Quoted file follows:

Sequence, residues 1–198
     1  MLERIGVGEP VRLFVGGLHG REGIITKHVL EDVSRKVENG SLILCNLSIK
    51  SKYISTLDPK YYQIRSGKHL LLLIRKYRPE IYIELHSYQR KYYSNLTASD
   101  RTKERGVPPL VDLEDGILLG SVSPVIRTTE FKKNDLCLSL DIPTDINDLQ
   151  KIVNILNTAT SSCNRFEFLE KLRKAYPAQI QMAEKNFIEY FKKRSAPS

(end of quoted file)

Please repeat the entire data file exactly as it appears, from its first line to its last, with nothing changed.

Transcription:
Sequence, residues 1–198
     1  MLERIGVGEP VRLFVGGLHG REGIITKHVL EDVSRKVENG SLILCNLSIK
    51  SKYISTLDPK YYQIRSGKHL LLLIRKYRPE IYIELHSYQR KYYSNLTASD
   101  RTKERGVPPL VDLEDGILLG SVSPVIRTTE FKKNDLCLSL DIPTDINDLQ
   151  KIVNILNTAT SSCNRFEFLE KLRKAYPAQI QMAEKNFIEY FKKRSAPS